I thought I would make a possible diagnosis. It is likely that the electrical current for the hazard flashers is making its way back to the towing truck through the brake actuator coils through the controller. In operating conditions, the brake pedal actuates a connection from the B+ of the battery to the controller which regulates the current flowing through the brake servo coils to pull the frictions up the face of the trailer drums, actuating the drum bbrakesl. When the trucks brake pedal is released the voltage is removed allowing the servo coils to release.
Ordinarily when the hazard lights are active, the battery current goes through the lamps to the ground.
Now consider the case where the ground is defective between the truck and the trailer. I considered this unlikely considering the weight of the loaded trailer. Later, I have seen the rusted condition of trailer loops the hooks they are coupled with. If this truck and trailer have been expose to weather conditions, it likely the ground path is questionable. The usual work around is to have a ground bond wire going from the trailer to the truck in the connector plug. If the bond wire is broken or its terminals and corroded, there will be no ground.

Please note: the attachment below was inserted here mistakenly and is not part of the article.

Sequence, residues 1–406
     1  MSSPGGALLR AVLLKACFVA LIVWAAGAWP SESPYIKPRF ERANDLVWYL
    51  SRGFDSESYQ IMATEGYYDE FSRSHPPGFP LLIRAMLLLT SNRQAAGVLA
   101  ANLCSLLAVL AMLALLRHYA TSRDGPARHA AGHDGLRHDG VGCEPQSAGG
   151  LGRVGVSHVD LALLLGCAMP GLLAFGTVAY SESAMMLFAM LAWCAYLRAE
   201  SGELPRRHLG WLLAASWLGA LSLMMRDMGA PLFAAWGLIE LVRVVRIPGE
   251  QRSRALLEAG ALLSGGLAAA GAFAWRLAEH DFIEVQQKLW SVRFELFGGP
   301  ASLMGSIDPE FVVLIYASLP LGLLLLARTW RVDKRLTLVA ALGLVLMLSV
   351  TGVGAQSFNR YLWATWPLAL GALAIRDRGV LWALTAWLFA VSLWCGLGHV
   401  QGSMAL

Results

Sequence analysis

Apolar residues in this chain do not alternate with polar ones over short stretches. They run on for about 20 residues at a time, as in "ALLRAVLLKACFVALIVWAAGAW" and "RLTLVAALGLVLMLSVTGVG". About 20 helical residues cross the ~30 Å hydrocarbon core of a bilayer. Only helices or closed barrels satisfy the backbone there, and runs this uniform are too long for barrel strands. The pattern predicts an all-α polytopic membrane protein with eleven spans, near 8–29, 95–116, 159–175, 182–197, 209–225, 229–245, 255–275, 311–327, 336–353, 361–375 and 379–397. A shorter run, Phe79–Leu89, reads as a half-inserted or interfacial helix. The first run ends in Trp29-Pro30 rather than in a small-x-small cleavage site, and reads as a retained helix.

In this case the current from the hazard lights will find a ground back to the truck through the brake servo coils, hence through the controller to ground. This would cause the trailer brakes to activate, causing the observed situation.